That things “just go on” is the catastrophe. — Walter Benjamin
The poppies were still asleep.
Cats, the ones who never let me pet them,
stare past me as the sun migrates west.
It is summer. I am feral, again.
Or maybe this rumor wants to be about withdrawal,
an urge for a substance being withheld. Within,
there can be acceptance, resistance,
and something possessed delicately in between—
unknown, suggestive and loose like spontaneous prayer.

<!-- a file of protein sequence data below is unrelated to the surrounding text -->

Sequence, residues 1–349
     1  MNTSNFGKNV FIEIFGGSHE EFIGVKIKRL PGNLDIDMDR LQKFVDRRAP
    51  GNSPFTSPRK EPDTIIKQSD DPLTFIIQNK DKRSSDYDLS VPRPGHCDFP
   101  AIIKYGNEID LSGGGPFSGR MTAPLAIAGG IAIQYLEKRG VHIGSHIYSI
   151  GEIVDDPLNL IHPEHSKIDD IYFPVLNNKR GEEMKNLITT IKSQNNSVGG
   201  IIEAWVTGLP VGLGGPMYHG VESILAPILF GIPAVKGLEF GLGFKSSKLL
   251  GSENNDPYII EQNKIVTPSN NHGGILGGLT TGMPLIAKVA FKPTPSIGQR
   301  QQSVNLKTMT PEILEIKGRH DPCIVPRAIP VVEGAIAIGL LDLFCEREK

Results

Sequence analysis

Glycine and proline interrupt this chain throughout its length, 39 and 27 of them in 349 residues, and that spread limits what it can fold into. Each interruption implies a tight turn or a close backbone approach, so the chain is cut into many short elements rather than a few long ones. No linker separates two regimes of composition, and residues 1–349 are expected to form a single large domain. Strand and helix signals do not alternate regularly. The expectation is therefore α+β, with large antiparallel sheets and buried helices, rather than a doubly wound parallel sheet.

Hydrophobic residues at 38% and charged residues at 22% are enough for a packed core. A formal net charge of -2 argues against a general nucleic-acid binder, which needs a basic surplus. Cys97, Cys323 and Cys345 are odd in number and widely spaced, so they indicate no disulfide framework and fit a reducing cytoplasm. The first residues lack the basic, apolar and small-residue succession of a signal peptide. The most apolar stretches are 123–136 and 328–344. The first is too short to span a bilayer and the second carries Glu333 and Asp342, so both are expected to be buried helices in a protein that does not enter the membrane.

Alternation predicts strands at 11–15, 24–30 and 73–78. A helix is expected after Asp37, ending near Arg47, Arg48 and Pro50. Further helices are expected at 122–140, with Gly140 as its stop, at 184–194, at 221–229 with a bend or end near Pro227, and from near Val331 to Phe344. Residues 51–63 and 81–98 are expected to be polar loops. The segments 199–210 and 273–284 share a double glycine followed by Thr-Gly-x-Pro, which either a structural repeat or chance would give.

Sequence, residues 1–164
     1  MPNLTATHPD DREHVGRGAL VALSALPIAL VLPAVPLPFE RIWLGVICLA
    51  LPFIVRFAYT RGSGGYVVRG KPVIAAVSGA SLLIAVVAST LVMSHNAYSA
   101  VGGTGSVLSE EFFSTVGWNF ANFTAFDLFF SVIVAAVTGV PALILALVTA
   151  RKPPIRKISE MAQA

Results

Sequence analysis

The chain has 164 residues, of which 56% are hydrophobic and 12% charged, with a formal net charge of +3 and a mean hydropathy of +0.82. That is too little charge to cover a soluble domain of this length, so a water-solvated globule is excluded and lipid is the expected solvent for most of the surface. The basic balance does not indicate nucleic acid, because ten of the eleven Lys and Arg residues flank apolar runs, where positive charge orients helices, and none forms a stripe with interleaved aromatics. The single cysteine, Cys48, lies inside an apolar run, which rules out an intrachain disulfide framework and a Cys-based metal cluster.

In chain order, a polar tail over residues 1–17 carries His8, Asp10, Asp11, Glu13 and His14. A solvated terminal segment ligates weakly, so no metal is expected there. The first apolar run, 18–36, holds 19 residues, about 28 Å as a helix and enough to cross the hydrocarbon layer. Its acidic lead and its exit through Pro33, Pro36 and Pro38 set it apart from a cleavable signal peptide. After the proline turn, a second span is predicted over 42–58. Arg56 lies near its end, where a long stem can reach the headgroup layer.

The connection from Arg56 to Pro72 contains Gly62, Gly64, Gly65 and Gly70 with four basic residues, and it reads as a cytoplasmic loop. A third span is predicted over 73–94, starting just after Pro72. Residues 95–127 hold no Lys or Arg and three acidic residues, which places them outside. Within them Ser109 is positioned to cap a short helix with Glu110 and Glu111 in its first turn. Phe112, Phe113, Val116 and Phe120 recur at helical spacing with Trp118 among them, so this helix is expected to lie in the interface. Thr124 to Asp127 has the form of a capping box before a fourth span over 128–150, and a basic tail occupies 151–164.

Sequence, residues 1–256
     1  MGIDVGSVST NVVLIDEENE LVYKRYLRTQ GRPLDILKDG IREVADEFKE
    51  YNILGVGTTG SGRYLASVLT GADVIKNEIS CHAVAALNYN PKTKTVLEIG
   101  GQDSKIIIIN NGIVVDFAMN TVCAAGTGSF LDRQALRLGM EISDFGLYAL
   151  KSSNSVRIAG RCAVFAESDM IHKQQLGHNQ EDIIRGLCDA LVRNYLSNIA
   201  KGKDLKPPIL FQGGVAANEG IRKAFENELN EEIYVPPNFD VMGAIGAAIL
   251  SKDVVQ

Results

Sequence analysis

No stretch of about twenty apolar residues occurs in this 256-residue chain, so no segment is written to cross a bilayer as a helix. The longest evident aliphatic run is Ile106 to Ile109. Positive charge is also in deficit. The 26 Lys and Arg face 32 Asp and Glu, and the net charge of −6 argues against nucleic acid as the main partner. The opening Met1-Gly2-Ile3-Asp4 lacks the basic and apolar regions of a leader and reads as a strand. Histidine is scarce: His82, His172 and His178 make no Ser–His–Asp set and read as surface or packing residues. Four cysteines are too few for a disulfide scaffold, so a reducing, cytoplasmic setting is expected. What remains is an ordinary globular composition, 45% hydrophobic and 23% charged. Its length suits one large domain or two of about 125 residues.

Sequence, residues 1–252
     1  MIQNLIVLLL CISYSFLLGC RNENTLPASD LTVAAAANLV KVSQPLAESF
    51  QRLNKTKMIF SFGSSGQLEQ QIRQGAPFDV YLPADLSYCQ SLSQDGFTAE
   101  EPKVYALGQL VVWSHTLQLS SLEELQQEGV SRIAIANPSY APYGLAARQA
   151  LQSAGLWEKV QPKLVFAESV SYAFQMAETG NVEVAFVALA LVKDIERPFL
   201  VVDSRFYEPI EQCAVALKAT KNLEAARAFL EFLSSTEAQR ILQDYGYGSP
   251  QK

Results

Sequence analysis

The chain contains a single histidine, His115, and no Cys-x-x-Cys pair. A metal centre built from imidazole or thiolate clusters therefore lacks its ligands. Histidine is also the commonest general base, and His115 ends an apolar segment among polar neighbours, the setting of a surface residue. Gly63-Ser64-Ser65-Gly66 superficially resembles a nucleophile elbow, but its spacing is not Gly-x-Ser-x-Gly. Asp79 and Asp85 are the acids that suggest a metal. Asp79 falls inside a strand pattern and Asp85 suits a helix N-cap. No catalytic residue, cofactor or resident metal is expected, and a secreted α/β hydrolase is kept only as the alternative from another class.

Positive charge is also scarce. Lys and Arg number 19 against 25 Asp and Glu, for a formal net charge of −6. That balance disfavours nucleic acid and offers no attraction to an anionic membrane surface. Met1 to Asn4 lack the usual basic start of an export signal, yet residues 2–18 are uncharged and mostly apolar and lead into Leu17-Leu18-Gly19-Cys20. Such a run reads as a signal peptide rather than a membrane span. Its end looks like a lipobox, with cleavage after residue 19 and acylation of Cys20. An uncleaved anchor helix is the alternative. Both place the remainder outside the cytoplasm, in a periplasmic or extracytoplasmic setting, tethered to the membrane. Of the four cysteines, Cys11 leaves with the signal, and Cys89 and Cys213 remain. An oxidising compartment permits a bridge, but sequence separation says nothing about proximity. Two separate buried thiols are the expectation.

The atmosphere, thick with notes of jasmine and rose,
wanders around my morning shadow. It traces vintage memories
swarming unsolicited and holy: 4th of July rodeos,
tomato sandwiches, shedding cottonwoods, and parental neglect
so pervasive it remains material witness to all those lost summers.
Of course gravity is physical, but who will study its somatics?